The healing power of bodybuilding – The Irish Times

When Cheng Xu served in the Canadian Armed Forces as a paratrooper and infantry officer, he experienced a series of traumatic events in quick succession – his best friend and fellow officer committed suicide, a soldier under his command was injured in live combat. shooting practice, and the father of a close friend has been kidnapped.

He felt like the world was collapsing everywhere around him, except in the gymnasium, where he was training for competitive Olympic weightlifting. “The only thing I had that grounded me was weightlifting because it was the only place I felt safe,” said the 32-year-old, now a PhD student in Toronto. Surrounded by the clinking and clanking of dumbbells, he slowly discovered what he described as “the healing properties of strength training.”

Psychologists have long established that exercise benefits mental health, and over the past decade research has also shown that it can be a valuable tool for treating post-traumatic stress disorder. Now, despite weightlifting’s associations with violent muscle strains, a growing number of people who have suffered trauma are discovering that the iron is a balm. For many, the healing powers of sports come down to the fact that where trauma has left them feeling helpless, powerless and weak, weightlifting helps them feel strong not only physically, but also psychologically. “Lifting gave me a sense of agency,” Xu said. “It gave me a sense of control.” And over time, he said, those feelings led to his recovery.

Repulsive

People who have experienced trauma have long gravitated to the weight room, lured, in part, by the promise of increased physical strength. But these lifters have historically received little guidance on how to train in a way that promotes their mental health and recovery. Weightlifters have also had to navigate a culture of fitness that often glorifies a “no pain, no gain” approach, emphasizing performance and superficial appearances rather than long-term wellness.

“There’s a lot of toxic masculinity in strength training,” said James Whitworth, exercise physiologist and health scientist at the National Center for PTSD and assistant professor at the University’s School of Medicine. of Boston, as well as a disabled veteran.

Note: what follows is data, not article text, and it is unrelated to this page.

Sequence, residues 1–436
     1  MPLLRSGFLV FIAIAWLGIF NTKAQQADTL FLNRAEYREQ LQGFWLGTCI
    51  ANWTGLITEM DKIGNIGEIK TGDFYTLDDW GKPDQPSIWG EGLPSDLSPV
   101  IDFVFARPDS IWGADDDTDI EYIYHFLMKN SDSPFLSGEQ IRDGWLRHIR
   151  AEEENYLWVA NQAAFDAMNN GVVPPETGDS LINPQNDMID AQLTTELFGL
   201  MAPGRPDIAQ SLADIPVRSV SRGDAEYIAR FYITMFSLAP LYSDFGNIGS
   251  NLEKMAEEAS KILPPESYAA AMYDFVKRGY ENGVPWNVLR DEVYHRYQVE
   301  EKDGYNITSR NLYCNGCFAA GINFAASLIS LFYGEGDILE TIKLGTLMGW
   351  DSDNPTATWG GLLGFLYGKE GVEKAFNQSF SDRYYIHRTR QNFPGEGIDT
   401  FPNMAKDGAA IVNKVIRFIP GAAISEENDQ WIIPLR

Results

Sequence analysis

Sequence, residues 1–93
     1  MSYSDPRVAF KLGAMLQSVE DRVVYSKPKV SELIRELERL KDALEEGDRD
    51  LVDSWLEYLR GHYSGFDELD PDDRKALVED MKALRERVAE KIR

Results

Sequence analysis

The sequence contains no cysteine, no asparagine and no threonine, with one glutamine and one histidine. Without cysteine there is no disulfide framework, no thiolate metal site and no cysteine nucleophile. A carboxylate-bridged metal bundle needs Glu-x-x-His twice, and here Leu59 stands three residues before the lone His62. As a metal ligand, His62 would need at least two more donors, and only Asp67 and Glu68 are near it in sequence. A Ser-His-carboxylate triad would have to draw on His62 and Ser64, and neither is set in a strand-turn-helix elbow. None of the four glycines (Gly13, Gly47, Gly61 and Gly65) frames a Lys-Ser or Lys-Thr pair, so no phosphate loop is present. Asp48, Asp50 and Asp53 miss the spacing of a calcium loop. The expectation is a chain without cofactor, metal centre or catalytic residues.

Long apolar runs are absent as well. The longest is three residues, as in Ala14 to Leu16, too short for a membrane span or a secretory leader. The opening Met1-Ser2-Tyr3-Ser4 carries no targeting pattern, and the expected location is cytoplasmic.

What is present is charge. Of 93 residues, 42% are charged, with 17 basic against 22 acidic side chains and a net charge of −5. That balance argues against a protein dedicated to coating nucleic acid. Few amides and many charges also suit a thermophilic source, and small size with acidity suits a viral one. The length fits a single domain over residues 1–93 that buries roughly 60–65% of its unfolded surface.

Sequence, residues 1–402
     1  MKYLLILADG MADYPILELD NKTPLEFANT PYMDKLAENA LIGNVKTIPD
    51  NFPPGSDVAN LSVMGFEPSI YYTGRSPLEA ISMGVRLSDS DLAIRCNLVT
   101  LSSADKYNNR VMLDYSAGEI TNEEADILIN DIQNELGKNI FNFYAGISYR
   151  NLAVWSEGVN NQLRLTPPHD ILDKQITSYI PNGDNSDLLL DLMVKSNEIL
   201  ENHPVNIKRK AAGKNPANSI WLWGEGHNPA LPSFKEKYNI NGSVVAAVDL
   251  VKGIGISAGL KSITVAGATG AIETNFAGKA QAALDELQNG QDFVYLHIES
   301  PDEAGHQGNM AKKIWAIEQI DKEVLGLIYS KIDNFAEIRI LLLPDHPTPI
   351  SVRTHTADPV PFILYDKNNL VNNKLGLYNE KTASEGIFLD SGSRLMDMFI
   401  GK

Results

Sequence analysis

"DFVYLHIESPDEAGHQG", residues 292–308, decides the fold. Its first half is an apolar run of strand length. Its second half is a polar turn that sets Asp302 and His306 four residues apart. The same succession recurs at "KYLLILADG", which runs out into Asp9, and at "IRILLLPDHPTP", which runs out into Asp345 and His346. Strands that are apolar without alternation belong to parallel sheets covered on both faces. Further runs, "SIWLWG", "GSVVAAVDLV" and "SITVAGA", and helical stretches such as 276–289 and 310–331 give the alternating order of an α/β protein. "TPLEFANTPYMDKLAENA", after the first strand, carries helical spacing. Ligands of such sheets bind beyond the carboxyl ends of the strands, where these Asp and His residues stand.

But as more and more people of all genders and abilities have discovered the benefits of strength training, the weightlifting community is becoming more inclusive and expansive. Mental health groups have also begun to formalize weightlifting as a therapeutic tool and to educate trainers on how to support clients living with physical and psychological trauma. At the same time, the scientific community is beginning to study why, exactly, some traumatized people find that heavy lifting helps them recover.

“There’s something about weightlifting and resistance work” that builds resilience, said Chelsea Haverly, social worker and founder of Hope Ignited, an American organization dedicated to educating organizations and clinicians about trauma. . “Not just in the brain, but also in the body.”

Last year, Haverly and social worker and personal trainer Emily Young created a trauma-informed weightlifting certification program for trainers, with the goal of bringing its mental health benefits to more clients. With lifting, Haverly said, “It’s not just, ‘I can do tough things.’ This is my body can do difficult things. It’s ‘I didn’t feel strong, and now I feel like a beast.’

Rachel Sloane, a 36-year-old respiratory therapist and mother of two, who was diagnosed with complex PTSD in early 2021 after experiencing physical and sexual abuse, has experienced this transformation firsthand. She first turned to weightlifting out of a desire to take better care of her body, but the more she trained, the more secure, calm and grounded she felt outside of the gym.

“I wasn’t even trying to use weightlifting as a way to manage my mental health,” she said. But “it gave me a way to physically push back – against all the fear and helplessness I felt all the time.”

It also gave him “a growing memory bank of times when I could move anything that got in my way,” she said. After years of feeling helpless, “it created more experiences of feeling powerful, strong and capable.”